HEAVEN WILL WAIT / Le Ciel peut attendre


West Coast Premiere • Drama • France, 2016

DCP • 2.35 • Dolby 5.1 • Color • 100 min

Directed by: Marie-Castille Mention-Schaar

Written by: Marie-Castille Mention-Schaar, Emilie Frèche

Cinematography: Myriam Vinocour

Film Editing: Benoît Quinon

Produced by: Marie-Castille Mention-Schaar (Willow Films), UGC Images, France 2 Cinéma

Cast: Noémie Merlant  (Sonia Bouzaria) Naomi Amarger (Mélanie Thenot), Sandrine Bonnaire (Catherine Bouzaria), Clotilde Courau (Sylvie), Zinedine Soualem  (Samir Bouzaria)

International Sales: Gaumont


With so many terrorist attacks in France over the last decade, radicalization has become the hot-button issue. Heaven Will Wait takes the topic head on with two disturbing stories about teenage girls heeding the siren call of ISIS. Sonia is just 17 when she is arrested for involvement in a planned jihadist attack. Angry at being prevented from joining her confederates in Syria, Sonia is placed under house arrest. A deprogrammer is called in to reintegrate her, but her shocked and devastated family fears she is lost forever. Then there’s Melanie, the studious, aspiring cellist, picture-perfect daughter. Her single-parent mother has no idea that she has fallen for her “prince”, an online ISIS recruiter posing as a trusted advisor and promised husband. A timely drama mixed with documentary-like sequences of deprogramming conducted by real-life indoctrination expert Dounia Bouzar, who heads an organization dedicated to the prevention and treatment of radical Islamic recruitment in France.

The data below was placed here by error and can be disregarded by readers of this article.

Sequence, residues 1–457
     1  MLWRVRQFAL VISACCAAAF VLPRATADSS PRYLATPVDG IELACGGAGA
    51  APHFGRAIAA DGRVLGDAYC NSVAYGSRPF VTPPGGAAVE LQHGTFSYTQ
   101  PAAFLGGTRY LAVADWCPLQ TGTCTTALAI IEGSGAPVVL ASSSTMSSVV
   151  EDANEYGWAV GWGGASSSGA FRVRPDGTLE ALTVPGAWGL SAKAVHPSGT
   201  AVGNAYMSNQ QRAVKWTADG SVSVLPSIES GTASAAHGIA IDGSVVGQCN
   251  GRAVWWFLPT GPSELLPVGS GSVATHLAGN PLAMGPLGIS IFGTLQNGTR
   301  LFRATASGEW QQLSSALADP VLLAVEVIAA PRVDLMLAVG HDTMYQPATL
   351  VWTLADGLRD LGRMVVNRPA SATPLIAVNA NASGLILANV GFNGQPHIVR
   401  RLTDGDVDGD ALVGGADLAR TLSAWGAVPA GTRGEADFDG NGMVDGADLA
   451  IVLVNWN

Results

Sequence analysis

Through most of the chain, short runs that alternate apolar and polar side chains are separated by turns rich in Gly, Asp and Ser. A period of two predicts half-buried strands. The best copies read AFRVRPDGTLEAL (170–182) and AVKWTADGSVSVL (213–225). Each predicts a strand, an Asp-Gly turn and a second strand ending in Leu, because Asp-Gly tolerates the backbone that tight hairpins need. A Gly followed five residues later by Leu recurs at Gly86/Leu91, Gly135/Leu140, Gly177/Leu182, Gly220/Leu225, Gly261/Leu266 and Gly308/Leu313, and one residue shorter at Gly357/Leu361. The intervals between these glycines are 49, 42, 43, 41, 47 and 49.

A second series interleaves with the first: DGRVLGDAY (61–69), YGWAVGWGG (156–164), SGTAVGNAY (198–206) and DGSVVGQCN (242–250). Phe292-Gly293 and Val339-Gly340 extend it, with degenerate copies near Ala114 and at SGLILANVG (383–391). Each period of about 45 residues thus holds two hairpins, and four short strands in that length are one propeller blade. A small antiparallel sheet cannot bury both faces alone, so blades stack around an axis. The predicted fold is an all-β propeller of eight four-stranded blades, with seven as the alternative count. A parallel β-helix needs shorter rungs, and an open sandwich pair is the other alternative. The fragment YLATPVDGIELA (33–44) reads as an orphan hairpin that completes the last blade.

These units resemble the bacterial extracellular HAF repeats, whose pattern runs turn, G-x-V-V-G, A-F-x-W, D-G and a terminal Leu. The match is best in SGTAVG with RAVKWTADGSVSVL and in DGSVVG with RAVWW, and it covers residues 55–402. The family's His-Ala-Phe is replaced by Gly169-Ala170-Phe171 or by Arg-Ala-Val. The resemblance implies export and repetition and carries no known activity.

On the heels of her successful Once In a Lifetime (COLCOA 2015 Audience and Critics Special Prizes) about a class of suburban students reflecting on the horrors of the Holocaust, writer/director Marie-Castille Mention-Schaar once again shows her gift for decoding the doubts and contradictions that come with being a teenager. Before moving to directing, Mention-Schaar found success as a producer, notably with Wah-Wah (2005) starring Gabrielle Byrne and Emily Watson, and Twice Upon a Time (COLCOA 2007) with Charlotte Rampling and Jean Rochefort . In 2012, her drama Ma première fois was nominated for a Best First Film César Award. That same year she directed the comedy, Bowling. From there, Mention-Schaar went looking for a more authentic approach that included documentary elements, and the use of non-actors to bring greater credibility to her storytelling.